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Nissan’s COTA Test Sees Progress With Revised GT-R LM

As the majority of the World Endurance Championship contenders spent time testing at the Nurburgring earlier this week, Nissan opted for a two-day run at Circuit of The Americas to make its first post-Le Mans outing with its LMP1 prototype.

Nissan GT-R LM

Scorching Texas heat greeted the Indianapolis-based team, drivers Olivier Pla and Harry Tincknell, and the #22 GT-R LM NISMO dressed in designer Ben Bowlby’s high-downforce bodywork, and according to unofficial reports, the LMP1-Hybrid chassis, running without its Torotrak energy recovery system, posted a best lap in the 1m59sec range.

Based on the LMP1-H pole lap set by Toyota Racing for the 6 Hours of Circuit of The Americas in 2014, it would put Nissan approximately 10 seconds off of the TS040’s 1m49sec tour of 3.4-mile course set in much cooler, overcast conditions. Qualifying for the “Lone Star Le Mans” event last September was done with track temperatures in the 90 degree F range while this week’s running is said to have been over 120.

The lap would also put the GT-R LM NISMO within five seconds of the LMP1-Light pole time of 1m54.6sec posted by Rebellion Racing’s R-ONE-Toyota, which is a closer comparison for the ERS-free Nissan.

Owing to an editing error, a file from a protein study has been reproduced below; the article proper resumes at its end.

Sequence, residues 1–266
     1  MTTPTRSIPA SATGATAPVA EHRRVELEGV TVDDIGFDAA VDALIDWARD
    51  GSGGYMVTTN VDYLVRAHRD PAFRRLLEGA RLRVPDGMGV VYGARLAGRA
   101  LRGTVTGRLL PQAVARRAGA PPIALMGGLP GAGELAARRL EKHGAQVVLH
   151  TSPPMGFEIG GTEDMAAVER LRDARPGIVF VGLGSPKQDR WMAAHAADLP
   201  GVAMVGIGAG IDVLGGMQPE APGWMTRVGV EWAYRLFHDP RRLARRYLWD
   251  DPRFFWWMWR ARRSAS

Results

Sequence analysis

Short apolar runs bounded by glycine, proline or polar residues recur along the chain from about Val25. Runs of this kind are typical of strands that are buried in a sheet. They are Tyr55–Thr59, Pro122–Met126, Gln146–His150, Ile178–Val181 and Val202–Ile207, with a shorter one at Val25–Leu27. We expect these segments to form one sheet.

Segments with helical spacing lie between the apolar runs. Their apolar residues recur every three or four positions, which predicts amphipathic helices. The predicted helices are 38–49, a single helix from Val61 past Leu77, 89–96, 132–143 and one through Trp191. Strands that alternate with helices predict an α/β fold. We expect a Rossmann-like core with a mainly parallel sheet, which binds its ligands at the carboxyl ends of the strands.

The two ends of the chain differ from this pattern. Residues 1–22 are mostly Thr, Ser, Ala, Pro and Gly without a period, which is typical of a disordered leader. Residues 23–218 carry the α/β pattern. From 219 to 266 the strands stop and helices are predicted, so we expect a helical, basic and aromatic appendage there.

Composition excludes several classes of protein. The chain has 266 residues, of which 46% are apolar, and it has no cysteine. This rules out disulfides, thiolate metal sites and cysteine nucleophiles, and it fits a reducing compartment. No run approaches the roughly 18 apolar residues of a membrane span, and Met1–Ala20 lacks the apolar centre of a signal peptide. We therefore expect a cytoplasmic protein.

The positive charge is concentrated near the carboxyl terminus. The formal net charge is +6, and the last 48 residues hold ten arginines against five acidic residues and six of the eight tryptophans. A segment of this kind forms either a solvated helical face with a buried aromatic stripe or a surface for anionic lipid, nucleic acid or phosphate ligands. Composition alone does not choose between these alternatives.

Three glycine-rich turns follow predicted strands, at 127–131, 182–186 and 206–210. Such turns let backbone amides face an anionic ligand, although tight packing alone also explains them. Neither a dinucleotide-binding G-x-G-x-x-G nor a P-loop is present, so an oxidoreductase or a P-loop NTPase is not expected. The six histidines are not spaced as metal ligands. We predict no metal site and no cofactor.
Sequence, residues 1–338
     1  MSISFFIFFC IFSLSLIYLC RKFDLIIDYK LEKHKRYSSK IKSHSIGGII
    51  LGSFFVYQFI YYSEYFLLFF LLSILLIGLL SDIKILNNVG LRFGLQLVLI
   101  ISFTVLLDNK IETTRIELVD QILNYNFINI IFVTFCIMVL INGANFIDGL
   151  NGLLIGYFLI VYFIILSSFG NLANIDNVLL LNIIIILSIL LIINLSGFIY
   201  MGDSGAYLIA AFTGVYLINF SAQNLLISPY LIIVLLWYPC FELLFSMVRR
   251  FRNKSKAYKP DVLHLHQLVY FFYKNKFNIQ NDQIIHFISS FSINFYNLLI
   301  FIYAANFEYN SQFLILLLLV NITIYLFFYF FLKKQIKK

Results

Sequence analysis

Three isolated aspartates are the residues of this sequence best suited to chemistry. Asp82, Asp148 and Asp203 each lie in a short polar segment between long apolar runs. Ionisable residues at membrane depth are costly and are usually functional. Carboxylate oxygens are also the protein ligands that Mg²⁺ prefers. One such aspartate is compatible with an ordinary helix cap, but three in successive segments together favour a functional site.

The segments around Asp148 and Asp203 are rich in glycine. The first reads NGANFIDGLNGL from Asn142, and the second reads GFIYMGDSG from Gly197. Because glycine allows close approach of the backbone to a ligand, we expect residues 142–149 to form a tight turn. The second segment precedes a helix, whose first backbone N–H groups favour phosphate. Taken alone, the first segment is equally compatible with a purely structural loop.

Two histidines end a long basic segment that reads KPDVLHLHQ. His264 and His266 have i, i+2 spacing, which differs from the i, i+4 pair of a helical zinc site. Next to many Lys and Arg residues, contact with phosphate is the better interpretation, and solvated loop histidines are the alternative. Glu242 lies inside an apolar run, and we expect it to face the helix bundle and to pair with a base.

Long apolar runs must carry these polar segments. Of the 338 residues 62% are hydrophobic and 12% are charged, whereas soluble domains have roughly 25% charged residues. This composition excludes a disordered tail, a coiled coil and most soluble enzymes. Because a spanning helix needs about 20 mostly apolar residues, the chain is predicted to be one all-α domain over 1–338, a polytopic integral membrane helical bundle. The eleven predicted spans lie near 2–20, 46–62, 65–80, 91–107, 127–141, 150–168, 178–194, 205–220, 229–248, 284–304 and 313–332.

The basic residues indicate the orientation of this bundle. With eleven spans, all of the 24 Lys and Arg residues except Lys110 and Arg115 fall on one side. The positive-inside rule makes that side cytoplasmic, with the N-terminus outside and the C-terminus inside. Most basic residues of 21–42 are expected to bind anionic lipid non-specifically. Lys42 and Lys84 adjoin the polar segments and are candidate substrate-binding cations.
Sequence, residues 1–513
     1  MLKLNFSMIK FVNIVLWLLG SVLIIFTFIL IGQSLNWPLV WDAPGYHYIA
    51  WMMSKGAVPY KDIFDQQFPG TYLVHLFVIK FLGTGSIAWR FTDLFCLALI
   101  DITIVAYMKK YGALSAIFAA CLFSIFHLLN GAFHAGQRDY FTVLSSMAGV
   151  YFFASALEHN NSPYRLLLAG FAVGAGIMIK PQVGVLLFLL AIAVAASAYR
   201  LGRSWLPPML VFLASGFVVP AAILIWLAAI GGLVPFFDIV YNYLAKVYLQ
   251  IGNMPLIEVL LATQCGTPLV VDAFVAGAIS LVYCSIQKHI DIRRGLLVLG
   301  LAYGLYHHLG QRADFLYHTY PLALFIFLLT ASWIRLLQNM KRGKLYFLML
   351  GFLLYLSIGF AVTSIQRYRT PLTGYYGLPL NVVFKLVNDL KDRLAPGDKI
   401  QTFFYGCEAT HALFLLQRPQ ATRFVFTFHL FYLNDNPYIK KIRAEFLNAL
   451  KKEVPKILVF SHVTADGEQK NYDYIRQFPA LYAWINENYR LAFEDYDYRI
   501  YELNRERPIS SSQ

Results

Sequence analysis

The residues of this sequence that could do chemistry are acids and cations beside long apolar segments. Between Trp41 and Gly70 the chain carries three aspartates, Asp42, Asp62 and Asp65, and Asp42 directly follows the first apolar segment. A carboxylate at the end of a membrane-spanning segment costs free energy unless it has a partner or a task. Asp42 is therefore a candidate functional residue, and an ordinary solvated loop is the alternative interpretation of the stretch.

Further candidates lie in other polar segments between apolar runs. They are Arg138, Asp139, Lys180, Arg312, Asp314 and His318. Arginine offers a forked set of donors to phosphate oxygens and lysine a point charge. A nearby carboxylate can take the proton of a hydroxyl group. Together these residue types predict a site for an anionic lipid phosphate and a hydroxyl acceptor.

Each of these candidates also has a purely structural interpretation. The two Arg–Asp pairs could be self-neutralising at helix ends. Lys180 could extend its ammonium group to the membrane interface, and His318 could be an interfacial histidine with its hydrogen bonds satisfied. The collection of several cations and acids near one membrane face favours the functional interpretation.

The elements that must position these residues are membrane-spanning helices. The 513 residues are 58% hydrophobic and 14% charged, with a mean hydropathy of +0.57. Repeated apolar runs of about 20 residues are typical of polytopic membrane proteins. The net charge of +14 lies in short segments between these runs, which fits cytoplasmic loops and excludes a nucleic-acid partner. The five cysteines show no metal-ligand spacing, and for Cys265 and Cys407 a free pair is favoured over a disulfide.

On the longer 8.5-mile Le Mans circuit, Nissan’s gap to the LMP1-H pole during Thursday’s final session was 16.0 seconds, and 8.9 seconds to the fastest LMP1-L car.

General impressions for the test were mixed as a significant volume of new items were tried. The most encouraging news coming out of COTA for Nissan could be with the revised suspension geometry and FRIC system that allowed Pla and Tincknell to make use of the curbing throughout the 20-turn facility.

The inability to use curbing at Le Mans was a significant contributor to the cars’ lack of pace.

Without an ERS system, the GT-R LM NISMOs will struggle to keep pace with the other LMP1-H entries, but if the team can continue making progress in cornering and its high-downforce package, a more promising 2016 could await the program.

Marshall Pruett